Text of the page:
More than a bucket list item to check off, learning a new outdoors skill is actually great for your neuroplasticity.

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It’s been said that you can’t teach old dogs new tricks. But that couldn’t be further from the truth. In fact, I’ve found that learning a new skill in the outdoors has been one of the most profound things I can do as I age, especially when it comes to travel. Just like learning a new language, expanding the brain/body connection can have life-changing benefits. Is it nerve-wracking to think about the potential of injury? Of course. But the benefits outweigh the risks in so many ways.

Studies have shown that lifelong learning results in increased neuron generation and positively affects memory, attention, thinking, and reasoning skills. According to Harvard Health, your brain has the ability to learn and grow as you age—a process called brain plasticity—but for it to do so, you have to train it on a regular basis. And the experts state it’s not just brain games that work this way; physical activities that require problem solving and thinking have the capacity to amp up plasticity, too, if done regularly,

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“Eventually, your cognitive skills will wane and thinking and memory will be more challenging, so you need to build up your reserve,” says Dr. John N. Morris, director of social and health policy research at the Harvard Institute for Aging Research. “Embracing a new activity that also forces you to think and learn and requires ongoing practice can be one of the best ways to keep the brain healthy.”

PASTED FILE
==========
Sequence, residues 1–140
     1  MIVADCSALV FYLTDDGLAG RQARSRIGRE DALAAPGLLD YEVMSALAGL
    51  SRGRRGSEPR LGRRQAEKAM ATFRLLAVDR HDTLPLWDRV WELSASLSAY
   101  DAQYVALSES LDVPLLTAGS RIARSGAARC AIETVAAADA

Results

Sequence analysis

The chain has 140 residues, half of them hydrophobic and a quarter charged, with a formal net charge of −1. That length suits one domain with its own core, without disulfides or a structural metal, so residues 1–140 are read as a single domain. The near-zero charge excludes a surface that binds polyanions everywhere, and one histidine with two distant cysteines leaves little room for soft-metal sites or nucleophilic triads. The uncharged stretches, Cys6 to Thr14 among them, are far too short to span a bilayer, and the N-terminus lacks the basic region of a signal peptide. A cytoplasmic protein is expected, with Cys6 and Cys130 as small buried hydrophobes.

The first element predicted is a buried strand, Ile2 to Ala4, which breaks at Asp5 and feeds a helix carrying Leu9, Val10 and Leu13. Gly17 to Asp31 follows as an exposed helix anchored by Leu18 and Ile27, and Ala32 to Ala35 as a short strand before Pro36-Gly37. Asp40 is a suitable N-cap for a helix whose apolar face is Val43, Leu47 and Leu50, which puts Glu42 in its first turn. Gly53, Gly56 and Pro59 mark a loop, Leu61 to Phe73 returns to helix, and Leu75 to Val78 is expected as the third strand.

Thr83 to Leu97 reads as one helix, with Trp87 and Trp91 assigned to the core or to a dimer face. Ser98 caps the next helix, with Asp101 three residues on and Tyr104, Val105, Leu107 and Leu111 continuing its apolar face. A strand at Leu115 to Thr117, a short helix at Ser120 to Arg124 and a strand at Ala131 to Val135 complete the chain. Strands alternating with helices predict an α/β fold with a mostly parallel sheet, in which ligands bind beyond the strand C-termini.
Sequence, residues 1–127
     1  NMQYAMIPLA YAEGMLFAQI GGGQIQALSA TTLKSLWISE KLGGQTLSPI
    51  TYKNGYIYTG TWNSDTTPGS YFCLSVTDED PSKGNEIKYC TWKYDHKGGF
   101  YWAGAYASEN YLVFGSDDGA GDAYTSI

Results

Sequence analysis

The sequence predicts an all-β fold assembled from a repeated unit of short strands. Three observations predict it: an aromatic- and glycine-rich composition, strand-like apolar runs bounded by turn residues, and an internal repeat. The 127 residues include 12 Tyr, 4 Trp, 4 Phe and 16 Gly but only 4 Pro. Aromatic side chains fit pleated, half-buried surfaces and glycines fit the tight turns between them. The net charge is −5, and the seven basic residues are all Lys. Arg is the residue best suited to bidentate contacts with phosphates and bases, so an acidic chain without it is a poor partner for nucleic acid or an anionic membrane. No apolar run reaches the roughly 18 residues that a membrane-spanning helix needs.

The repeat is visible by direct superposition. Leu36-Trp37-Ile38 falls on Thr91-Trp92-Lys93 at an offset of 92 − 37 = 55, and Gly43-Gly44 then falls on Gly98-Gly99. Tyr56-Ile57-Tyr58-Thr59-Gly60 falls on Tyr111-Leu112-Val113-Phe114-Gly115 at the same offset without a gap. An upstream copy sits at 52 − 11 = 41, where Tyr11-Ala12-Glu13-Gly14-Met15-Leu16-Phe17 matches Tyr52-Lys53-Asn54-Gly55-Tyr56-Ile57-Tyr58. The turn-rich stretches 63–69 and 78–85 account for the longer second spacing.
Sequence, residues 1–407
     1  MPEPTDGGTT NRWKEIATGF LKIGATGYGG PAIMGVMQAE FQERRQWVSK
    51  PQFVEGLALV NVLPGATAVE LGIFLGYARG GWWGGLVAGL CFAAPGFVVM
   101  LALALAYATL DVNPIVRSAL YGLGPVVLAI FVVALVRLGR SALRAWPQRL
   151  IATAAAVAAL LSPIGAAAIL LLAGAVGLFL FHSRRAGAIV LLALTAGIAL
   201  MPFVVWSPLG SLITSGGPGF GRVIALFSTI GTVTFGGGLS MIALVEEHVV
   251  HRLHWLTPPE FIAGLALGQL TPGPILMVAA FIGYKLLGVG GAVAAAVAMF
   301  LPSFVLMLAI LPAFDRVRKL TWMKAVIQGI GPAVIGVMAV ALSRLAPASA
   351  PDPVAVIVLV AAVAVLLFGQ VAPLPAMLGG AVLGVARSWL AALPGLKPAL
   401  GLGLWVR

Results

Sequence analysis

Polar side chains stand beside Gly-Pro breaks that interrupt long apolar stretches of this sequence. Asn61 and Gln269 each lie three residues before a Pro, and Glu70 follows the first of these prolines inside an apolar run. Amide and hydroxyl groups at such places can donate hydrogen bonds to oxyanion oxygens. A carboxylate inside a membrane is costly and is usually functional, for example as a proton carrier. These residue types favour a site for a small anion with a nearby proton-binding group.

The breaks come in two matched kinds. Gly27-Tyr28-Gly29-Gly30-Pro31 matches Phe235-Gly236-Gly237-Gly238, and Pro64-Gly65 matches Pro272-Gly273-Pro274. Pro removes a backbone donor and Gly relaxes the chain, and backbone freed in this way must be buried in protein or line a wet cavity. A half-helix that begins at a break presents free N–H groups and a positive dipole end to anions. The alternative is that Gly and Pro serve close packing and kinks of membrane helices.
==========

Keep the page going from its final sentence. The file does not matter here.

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It’s too easy to fall into our routines as they become more calcified by the hands of time. But the more you break things up, the more potential there is for growth. Even better if those experiences can be had in some of the West’s magnificent wildlands.

In learning to surf over the past couple months, starting with a lesson at female-run Surf Divas, I’ve found myself acquiring a new sense of proprioception, and a deeper connection with the water. Getting up on my longboard on the South La Jolla State Marine Reserve and seeing a massive school of trevally beneath me was even more exciting than catching the wave itself. Would this venture have been a lot easier if I’d learned as a teenager? Sure. Am I sore in places I didn’t know existed? Absolutely. But it’s actually fun to be terrible at something, building up skills brick by brick. In the real world, failure is embarrassing, but on the water, it’s allowing me space to laugh at my mistakes. It’s tempting to get lost in the comparison game, especially as I dive deep into SurfTok. But shredding at Nazaré truly isn’t even the goal. I’m taking a page from mature waterwoman Surfer Suzie; it’s about being outside, one with the water, and catching the stoke.

I’m also finding myself connecting with new communities of people interested in preserving the ocean. As Dan Buettner states in his popular book-turned-Netflix-series The Blue Zones: Lessons for Living Longer From the People Who’ve Lived the Longest, community, lifestyle, and spirituality are inextricably tied to living a longer, healthier life.

So recenty I’ve just been saying yes. After interviewing champion spearfisherwoman Mitsuki Hara, I decided to sign up for a day of freediving and spearfishing in Cabo Pulmo with SpearMex. Though the waters were insanely choppy and I spent a lot of the day fighting seasickness, there was nothing more rewarding then spearing my dinner and bringing it back to the Four Seasons Costa Palmas, where I turned it into the most gorgeous ceviche to be shared with my travel companions.

I opted to try canyoneering and rappelling outside Moab, even though I was absolutely terrified. Would I do it again? That’s a big fat “nope.” It didn’t hook me the same way that surfing and spearfishing did. I’m a water baby, through and through. But what’s important is that I tried. And I encourage you to give it a go too. Your future self will thank you.